DOHA (Reuters) – Talks between Saudi Arabia and Qatar to heal their two-year rift are a good development for the whole Gulf region, Iranian Foreign Minister Mohammad Javad Zarif said on Sunday in Doha.
Saudi Arabia, the United Arab Emirates, Bahrain and Egypt cut diplomatic and trade links with Qatar in June 2017, accusing it of backing terrorism and aligning itself with Iran.
Doha denies their charges and accuses its neighbors of seeking to curtail its sovereignty.
Qatari Prime Minister Sheikh Abdullah bin Nasser Al Thani attended an annual Gulf Cooperation Council (GCC) summit in Saudi Arabia last Tuesday, its highest representation at the meeting since 2017.
Asked at the Doha Forum in Qatar if the recent contact between Doha and Riyadh was good for the region, Zarif told reporters: “Of course it is.”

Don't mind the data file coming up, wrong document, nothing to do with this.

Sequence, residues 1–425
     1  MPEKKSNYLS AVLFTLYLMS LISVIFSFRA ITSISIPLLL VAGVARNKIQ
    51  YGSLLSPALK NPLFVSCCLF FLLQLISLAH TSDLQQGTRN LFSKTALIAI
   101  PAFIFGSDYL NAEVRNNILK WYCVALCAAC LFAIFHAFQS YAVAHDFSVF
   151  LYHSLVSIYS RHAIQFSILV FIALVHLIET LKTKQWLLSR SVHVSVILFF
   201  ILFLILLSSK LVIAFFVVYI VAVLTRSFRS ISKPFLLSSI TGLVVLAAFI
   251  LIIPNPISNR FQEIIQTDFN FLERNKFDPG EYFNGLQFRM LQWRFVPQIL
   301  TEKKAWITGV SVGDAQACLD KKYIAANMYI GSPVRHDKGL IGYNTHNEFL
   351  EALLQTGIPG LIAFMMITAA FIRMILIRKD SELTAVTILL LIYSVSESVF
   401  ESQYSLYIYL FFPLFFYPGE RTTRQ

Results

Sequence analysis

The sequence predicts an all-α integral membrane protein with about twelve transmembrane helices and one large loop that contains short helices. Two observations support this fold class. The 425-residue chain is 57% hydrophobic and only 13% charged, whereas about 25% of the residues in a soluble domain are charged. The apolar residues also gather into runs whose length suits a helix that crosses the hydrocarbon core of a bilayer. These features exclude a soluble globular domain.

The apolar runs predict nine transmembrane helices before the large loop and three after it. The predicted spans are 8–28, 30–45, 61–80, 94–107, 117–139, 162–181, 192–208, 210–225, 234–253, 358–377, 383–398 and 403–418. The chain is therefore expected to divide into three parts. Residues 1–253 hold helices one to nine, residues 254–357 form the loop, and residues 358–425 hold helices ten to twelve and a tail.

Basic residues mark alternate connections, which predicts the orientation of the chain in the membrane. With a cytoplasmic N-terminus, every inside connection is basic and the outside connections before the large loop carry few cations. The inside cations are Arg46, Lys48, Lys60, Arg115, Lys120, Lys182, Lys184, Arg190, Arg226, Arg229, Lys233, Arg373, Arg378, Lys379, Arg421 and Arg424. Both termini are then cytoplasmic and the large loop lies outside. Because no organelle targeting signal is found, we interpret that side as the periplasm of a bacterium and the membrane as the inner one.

Qatari Foreign Minister Mohammed bin Abdulrahman al-Thani told the same event on Saturday that there had been “small progress” in resolving the bitter dispute.
Sheikh Mohammed briefly met with Zarif in public at the forum on Sunday and sat in the audience as the Iranian foreign minister gave an address.
Kuwait and the United States have tried to mediate the rift between Qatar and its neighbors, which has undermined Washington’s efforts to confront Iran.
Mainly Shi’ite Iran and Sunni Muslim Saudi Arabia are locked in a struggle for influence in the Gulf region.
Reporting by Alexander Cornwell; writing by Maher Chmaytelli; Editing by Gareth Jones